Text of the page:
I bow down low to my office door
just to get the damned key in the lock;
and mirrors cut me clean off at the throat
in the humid, staff-only toilet.
My shoes stick out over precipice stairs;
my feet poke out at the end of the bed;
I wear my poor head like a crash-helmet.
If Misfit had an alter ego in this place it would probably have to be me . . .
The following short video on the crackdown on 《立場新聞》Stand News appears on the HK01 website here.
警方國安處星期三朝早 | 去到《立場新聞》副採訪主任 | 記協主席陳朗昇位於大圍嘅寓所蒐證之後 | 再帶佢去到佢屋企人喺大埔嘅寓所調查 | 佢未有被捕 | 另外，喺差唔多同一時間 | 國安處人員拘捕《立場新聞》| 六名現任高層或者係前高層 | 其中一名被捕嘅署理總編輯林紹桐 | 被帶到《立場新聞》位於觀塘嘅辦公室調查 | 據了解，林紹桐已經即時辭職 | 調查近四個鐘頭之後就將佢帶走 | 探員又喺辦公室撿走幾十箱證物 | 包括電腦同埋文件 | 之後有貨車運走 | 被捕人士中包括前總編輯鐘沛權 | 四名前董事何韻詩、吳靄儀、方敏生同埋周達智 | 佢哋涉嫌串謀發布煽動性刊物罪 | 喺成個行動入面 | 警方動員超過200人 | 探員離開現場之後 | 部分員工返去辦公室 | 另外，《蘋果日報》前副社長陳沛敏 | 喺大欖懲教所被捕 | 同樣係涉嫌串謀發布煽動刊物 | 據悉佢有份參與喺《立場新聞》撰文
● 警方國安處 gíng2 fōng1 gwok3 [ng]ōn1 chyu3 = National Security Department of the Hong Kong Police Force | ● 副採訪主任 fu3 chói2 fóng2 jyú2 yahm6 = deputy assignment editor | 記協主席 gei3 hip3 jyú2 jihk6 = chairperson of the Hong Kong Journalists Association | ● 署理總編輯 chyúh5 léih5 júng2 pīn1 chāp1 = acting chief editor | ● 探員 taam3 yùhn4 = detective constable | ● 董事 dúng2 sí6*2 = a board member; a director | ● 動員 duhng6 yùhn4 = to mobilize | ● 撰文 jaahn6 màhn4 = (?) to write articles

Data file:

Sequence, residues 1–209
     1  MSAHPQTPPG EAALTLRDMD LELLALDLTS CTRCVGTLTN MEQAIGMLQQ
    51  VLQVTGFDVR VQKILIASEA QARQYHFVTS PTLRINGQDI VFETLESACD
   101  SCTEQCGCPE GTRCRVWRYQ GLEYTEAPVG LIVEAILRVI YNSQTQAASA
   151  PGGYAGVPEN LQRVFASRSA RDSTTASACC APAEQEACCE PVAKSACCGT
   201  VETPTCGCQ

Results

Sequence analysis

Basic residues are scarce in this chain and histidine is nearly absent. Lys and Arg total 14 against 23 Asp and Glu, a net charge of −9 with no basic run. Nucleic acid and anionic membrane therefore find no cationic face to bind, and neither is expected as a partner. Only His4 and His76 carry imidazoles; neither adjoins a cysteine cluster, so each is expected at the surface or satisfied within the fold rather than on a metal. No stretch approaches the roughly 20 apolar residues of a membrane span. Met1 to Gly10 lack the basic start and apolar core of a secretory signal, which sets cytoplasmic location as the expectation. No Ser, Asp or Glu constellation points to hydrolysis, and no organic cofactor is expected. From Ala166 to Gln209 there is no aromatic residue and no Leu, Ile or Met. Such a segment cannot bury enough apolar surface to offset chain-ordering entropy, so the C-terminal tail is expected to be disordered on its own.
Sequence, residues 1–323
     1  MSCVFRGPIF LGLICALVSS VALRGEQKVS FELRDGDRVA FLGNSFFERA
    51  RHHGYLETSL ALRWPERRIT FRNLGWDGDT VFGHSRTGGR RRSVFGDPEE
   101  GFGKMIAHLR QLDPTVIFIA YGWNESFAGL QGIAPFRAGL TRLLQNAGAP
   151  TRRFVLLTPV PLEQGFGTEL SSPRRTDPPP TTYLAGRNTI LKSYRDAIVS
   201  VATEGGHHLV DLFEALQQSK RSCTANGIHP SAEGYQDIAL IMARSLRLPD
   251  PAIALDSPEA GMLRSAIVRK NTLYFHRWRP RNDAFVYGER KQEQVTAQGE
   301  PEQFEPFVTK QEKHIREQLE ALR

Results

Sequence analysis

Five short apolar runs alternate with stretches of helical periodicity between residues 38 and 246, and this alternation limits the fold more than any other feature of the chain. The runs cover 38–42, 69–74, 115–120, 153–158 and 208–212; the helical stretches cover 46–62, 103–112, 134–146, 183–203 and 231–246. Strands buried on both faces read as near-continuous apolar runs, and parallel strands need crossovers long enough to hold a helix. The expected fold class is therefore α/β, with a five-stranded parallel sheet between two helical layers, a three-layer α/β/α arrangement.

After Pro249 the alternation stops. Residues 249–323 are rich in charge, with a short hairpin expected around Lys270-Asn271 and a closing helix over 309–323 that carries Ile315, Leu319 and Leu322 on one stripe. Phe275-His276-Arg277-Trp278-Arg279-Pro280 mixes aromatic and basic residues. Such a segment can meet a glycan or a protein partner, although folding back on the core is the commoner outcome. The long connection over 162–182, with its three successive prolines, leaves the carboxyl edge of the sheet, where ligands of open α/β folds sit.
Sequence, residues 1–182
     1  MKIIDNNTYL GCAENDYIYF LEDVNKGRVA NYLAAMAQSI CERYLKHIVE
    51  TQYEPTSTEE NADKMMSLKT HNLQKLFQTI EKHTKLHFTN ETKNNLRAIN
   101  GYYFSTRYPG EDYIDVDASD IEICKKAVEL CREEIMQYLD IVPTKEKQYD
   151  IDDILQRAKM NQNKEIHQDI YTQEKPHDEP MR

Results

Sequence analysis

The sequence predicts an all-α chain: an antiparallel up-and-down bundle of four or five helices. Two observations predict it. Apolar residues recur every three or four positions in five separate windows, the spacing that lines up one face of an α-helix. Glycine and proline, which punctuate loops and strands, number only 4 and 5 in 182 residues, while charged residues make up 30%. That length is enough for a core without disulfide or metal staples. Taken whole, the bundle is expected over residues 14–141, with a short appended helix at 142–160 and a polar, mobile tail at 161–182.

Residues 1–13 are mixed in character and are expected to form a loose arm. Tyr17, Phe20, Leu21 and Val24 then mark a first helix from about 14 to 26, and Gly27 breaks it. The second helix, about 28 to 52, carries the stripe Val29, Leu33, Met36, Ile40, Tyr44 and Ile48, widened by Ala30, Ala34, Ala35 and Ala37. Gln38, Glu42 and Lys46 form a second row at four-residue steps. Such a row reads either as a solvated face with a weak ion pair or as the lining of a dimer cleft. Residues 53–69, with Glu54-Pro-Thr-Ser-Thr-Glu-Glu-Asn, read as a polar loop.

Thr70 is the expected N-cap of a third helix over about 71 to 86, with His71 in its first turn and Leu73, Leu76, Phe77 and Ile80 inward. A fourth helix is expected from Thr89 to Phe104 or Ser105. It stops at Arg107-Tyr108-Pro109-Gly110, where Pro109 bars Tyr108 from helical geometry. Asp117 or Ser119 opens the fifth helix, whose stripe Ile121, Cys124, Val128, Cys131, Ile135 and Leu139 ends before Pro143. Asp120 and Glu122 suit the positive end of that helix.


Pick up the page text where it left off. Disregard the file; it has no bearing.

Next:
Early this morning (Wednesday 29 December), after the National Security Department of the Hong Kong Police Force visited the Tai Wai residence of Ronson Chan Long-sing, deputy assignment editor, they took him to the home of a family-member in Tai Po to carry out a search. He has not yet been arrested. In other news, at around the same time, personnel from the National Security Department of the Hong Kong Police Force arrested six people who currently hold upper-level positions [現任高層] or who did so formerly, one of them being acting chief editor Patrick Lam, who was taken to the Stand News office located in Kwun Tong where a search was conducted. It is understood that Lam has already stepped down. After a search lasting nearly four hours, he was taken away. Detectives [探員] also examined and took away [撿走] several dozen [幾十] boxes of evidence, including computers and documents. Later, these were transported [from the scene] by truck. Those arrested include the former editor-in-chief Chung Pui-kuen as well as four former directors, Denise Ho, Margaret Ng, Christine Fang and Chow Tat-chi. They are suspected of conspiracy to distribute seditious publications. In the operation, the police deployed more than 200 people. After detectives had left the scene, a number of employees returned to the office. Furthermore, Chan Pui-man, former associate editor at Apple Daily, was taken into custody from the Tai Lam Correctional Institution. She is also suspected of conspiracy to distribute seditious publications. It is believed that she contributed articles to Stand News.